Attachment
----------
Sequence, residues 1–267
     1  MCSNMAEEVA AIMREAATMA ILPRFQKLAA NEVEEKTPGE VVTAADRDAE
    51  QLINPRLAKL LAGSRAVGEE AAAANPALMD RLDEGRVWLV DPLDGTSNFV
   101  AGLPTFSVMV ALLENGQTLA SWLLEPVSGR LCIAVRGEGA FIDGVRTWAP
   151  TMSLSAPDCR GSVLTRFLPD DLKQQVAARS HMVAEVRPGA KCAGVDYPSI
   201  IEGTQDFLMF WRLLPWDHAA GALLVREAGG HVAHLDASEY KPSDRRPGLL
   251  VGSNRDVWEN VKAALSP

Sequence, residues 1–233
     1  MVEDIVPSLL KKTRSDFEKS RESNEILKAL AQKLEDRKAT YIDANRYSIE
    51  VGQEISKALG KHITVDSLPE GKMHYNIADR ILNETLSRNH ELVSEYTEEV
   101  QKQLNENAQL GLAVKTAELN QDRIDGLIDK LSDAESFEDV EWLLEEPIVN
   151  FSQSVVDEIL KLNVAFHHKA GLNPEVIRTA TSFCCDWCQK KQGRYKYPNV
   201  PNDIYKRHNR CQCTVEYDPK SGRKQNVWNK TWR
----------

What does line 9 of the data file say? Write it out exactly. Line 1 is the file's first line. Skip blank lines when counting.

     1  MVEDIVPSLL KKTRSDFEKS RESNEILKAL AQKLEDRKAT YIDANRYSIE